Interaction with the Digital Waste Tracking service could be by way of an App on a digital handheld device, GOV.UK web portal (either direct input or bulk uploads via spreadsheets) or an API interface with a corporate IT system.
All actors will be provided with unique login credentials and bespoke dashboards, so that they have total visibility of their transactions only, and can analyse trends and performance of their waste production. Regulators too will be provided with unique login credentials and a range of dashboards and systems, which will alert them to any suspicious activity.
The regulatory regime and DWT service will be designed in parallel, with users playing a central role in their development. The new system will be designed to be interoperable with other regulator systems, such as carrier, broker and dealer permitting and registration, site-based permitting and licencing, and extended producer responsibility regimes.
What are the issues with digital waste tracking?
The introduction of a Digital Waste Tracking service will of course come with its issues. In particular, it is likely to end the practice of ‘season ticket’ WTNs, which have been used to reduce the paperwork burden on operators since the Duty of Care was established over three decades ago.
There are also data privacy and security issues yet to be resolved, and there are concerns from some quarters about the commercial confidentiality of customer data.
There are also some practical difficulties to overcome especially carrier rounds, where multiple ‘lifts’ are collected by a single compaction vehicle, and how the DWT service will easily and accurately record them.
The Digital Waste Tracking service is also likely to bring in fees and charges for regimes that have previously been free, this will especially be the case for WTNs and green list waste Annex VII’s; how much these fees and charges will be is unknown at present, but will be subject to a future regulator consultation.
However, all these things are solvable and with give-and-take on all sides, the benefits that a DWT service will bring will in the end far outweigh the disbenefits.
There is the perception that the DWT service is something of a silver bullet for waste crime, and although it may shine a light on transactions and actors that are missing from the system, it is highly unlikely that illegal operators will engage with the system; in much the same way as they do not engage with the current systems and processes. It’s just going to make it harder for them to hide, at least initially.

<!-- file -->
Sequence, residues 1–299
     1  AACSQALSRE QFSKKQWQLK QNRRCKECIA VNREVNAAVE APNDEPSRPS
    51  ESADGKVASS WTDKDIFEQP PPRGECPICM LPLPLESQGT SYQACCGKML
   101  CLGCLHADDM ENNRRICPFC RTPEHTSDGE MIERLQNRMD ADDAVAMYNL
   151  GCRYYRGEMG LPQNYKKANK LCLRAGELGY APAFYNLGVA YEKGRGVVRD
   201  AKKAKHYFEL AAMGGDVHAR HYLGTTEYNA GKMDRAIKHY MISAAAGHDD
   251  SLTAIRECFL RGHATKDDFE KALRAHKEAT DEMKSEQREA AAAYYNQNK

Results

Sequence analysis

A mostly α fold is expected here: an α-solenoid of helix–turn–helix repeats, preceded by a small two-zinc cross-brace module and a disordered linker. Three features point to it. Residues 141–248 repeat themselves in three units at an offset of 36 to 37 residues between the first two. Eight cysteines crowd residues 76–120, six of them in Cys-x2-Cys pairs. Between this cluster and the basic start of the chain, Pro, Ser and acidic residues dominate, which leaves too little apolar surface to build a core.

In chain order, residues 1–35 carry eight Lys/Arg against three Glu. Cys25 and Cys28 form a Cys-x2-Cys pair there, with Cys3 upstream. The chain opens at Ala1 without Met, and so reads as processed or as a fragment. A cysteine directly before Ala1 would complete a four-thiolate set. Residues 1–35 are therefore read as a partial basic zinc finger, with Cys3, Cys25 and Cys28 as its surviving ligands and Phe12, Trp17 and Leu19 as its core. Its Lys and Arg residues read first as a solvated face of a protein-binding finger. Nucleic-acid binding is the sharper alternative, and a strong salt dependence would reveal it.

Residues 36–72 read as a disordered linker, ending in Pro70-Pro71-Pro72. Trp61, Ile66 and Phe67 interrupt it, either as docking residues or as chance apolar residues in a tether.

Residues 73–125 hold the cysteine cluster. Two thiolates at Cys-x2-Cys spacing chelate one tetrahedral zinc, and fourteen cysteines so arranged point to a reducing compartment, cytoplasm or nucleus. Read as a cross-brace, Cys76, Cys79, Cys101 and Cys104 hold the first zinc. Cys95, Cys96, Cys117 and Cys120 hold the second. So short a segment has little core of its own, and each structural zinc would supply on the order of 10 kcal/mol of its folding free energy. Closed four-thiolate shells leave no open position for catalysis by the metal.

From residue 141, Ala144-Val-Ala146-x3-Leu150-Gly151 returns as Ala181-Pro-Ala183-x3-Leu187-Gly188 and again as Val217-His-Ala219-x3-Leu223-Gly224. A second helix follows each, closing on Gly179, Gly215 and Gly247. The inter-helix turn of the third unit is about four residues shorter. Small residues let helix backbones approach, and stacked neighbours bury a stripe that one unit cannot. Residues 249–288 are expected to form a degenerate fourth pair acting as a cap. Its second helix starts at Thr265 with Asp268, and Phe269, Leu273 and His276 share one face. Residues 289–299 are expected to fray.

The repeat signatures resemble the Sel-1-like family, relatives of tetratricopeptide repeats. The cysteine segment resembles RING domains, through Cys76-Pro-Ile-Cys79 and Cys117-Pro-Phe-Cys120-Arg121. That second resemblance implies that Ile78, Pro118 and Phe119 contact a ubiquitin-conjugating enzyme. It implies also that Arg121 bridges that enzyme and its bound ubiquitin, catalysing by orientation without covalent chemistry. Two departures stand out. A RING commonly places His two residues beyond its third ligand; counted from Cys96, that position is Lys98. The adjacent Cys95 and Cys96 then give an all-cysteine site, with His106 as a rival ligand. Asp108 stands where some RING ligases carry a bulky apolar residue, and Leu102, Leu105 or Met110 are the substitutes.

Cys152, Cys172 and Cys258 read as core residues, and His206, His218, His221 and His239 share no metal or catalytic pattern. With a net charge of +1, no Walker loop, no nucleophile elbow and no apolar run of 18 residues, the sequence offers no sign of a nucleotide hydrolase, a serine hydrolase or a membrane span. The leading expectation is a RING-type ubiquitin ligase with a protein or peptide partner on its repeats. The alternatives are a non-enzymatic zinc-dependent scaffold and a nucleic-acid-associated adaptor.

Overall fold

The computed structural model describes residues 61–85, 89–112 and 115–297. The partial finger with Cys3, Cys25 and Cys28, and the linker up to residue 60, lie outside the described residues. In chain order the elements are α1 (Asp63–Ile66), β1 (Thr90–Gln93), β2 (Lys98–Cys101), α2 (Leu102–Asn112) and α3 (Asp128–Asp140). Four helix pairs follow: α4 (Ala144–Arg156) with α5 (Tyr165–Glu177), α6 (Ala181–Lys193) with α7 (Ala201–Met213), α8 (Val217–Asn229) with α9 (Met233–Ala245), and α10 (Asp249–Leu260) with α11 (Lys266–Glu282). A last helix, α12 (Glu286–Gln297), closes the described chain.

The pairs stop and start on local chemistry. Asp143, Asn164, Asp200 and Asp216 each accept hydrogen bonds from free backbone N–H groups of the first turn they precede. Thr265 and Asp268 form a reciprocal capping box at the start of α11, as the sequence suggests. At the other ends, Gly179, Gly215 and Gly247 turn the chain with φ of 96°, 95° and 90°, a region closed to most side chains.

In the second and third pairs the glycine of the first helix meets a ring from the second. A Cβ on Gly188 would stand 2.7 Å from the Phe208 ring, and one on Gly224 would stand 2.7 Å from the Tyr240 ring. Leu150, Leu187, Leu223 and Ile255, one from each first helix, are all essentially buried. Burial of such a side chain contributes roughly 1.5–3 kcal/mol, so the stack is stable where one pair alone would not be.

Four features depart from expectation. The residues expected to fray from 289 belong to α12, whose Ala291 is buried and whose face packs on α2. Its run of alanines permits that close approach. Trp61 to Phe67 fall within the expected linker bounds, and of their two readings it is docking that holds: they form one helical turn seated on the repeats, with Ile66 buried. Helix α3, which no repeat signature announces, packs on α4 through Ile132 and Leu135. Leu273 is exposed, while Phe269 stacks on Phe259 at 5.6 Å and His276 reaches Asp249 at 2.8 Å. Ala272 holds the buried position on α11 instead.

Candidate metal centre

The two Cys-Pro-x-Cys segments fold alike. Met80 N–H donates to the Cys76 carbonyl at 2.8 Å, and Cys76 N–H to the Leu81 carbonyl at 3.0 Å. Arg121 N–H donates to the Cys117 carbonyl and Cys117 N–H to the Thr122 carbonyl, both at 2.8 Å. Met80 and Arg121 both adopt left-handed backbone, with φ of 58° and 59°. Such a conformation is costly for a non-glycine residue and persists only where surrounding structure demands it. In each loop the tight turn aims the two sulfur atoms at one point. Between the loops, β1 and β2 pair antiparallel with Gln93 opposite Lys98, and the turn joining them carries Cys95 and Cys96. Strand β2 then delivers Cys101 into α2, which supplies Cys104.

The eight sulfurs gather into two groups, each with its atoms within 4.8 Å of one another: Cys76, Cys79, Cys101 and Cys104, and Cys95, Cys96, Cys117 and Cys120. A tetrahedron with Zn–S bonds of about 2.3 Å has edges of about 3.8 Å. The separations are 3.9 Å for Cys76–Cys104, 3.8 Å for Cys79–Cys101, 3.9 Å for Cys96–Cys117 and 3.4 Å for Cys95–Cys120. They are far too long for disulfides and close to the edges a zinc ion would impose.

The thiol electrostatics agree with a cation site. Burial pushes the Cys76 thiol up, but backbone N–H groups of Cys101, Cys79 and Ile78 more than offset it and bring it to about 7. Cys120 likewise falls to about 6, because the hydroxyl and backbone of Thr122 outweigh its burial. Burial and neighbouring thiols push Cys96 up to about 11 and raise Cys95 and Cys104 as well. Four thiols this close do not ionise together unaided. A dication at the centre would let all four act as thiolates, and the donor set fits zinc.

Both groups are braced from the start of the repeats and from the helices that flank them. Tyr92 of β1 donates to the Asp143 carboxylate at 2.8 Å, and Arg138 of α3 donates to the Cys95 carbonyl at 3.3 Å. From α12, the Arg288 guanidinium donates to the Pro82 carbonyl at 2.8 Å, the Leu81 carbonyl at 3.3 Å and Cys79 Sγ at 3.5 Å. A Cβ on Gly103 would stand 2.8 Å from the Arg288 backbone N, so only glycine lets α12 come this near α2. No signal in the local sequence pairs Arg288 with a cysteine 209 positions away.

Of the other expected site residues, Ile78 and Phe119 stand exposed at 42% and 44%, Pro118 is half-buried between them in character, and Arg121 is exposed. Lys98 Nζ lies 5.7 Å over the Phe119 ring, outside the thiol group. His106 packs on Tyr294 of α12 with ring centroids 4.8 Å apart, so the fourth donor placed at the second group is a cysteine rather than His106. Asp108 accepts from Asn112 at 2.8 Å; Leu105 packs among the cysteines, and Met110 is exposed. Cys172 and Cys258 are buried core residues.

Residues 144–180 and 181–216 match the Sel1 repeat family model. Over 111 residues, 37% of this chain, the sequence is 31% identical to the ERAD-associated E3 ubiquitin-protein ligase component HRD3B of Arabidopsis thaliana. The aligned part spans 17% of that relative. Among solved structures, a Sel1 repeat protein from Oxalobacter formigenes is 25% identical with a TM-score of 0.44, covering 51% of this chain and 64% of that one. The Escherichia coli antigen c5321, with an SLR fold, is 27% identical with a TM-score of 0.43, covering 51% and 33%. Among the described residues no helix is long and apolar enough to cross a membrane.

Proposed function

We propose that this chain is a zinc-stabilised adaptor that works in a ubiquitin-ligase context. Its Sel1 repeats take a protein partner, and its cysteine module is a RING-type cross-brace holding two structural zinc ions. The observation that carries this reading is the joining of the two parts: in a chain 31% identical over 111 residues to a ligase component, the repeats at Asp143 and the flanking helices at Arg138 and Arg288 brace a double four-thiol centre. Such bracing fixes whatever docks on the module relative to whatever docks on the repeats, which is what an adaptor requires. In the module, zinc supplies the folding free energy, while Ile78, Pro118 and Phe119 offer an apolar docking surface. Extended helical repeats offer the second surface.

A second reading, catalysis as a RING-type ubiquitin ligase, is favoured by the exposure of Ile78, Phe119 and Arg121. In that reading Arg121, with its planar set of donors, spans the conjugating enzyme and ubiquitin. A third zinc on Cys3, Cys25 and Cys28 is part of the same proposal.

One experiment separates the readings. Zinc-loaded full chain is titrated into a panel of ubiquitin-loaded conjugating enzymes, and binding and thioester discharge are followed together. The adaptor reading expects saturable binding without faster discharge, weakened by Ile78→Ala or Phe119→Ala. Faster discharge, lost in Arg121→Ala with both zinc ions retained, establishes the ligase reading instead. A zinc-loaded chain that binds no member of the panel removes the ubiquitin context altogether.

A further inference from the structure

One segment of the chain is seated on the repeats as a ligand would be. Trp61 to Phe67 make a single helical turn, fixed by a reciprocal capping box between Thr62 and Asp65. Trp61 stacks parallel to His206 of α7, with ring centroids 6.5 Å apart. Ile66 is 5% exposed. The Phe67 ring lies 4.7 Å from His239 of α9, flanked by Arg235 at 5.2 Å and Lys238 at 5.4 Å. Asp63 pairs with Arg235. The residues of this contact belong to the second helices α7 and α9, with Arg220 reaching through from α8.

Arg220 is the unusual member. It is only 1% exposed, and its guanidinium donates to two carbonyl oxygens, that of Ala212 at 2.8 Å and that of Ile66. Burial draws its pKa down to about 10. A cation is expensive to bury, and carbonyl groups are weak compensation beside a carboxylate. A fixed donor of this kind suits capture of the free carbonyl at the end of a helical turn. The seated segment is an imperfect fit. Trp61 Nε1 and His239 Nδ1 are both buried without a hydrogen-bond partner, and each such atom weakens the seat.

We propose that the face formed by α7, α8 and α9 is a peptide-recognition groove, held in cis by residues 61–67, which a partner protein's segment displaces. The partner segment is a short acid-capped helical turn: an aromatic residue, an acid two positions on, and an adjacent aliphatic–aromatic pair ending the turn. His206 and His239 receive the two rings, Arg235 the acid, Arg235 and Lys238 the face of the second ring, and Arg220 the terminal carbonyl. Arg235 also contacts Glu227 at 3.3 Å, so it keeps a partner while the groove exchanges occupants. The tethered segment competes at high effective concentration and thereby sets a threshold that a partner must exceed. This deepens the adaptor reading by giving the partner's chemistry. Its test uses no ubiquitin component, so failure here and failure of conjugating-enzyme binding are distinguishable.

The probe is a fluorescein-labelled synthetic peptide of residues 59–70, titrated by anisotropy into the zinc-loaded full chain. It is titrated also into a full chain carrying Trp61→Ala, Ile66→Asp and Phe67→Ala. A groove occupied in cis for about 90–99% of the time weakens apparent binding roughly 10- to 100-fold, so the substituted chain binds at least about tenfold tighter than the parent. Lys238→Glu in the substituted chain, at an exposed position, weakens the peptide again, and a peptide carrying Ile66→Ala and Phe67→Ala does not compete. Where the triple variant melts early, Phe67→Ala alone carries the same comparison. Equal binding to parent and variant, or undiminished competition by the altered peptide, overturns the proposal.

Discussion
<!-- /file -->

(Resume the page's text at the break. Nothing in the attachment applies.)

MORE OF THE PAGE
The background to the digital waste tracking service
Over 200 million tonnes of waste is produced in the UK each year, but there is currently no single or comprehensive way of tracking it, with legislation relating to the transport, management and description of waste being introduced separately over the last 30 or so years.
Large amounts of waste data are either not collected (e.g. waste transfers to exempt sites) or not collated centrally, and where it is collected the systems are various and disparate. Some of these systems are paper-based (e.g. WTNs and Green List (Annex VII) exports), others digital (e.g. spreadsheets); some are run by private contractors (e.g. integrated Sales Order Processing systems), others by the government (e.g. WasteDataFlow).
Where the use of existing centralise digital systems is non-mandatory, take up is usually very low. As a result, it is very difficult to determine what happens to waste and to have a comprehensive understanding of whether it has been recycled, recovered, or disposed of.
Joining these fragmented systems up and replacing paper-based record-keeping will make it much easier and less time-consuming for legitimate waste companies to comply with regulatory reporting requirements.
It should also make it much harder for rogue operators to compete in the industry and commit waste crimes, such as fly tipping, deliberate misclassification of waste, illegal waste exports and the operation of illegal waste sites.
The UK government are committed to implementing a mandatory Digital Waste Tracking service and published a consultation in January 2022; a government response is expected in 2023.
In 2020 as part of the GovTech Catalyst Challenge fund, prototypes of a Digital Waste Tracking service were developed with two technology suppliers. This work has provided the basis for the agile development of the Digital Waste Tracking service, which began with the private beta development of a system in 2023 and should go live sometime in 2024.
CIWM Position Statements represent the Institution’s views at a particular point in time. They remain under constant review, in the light of new experience and research.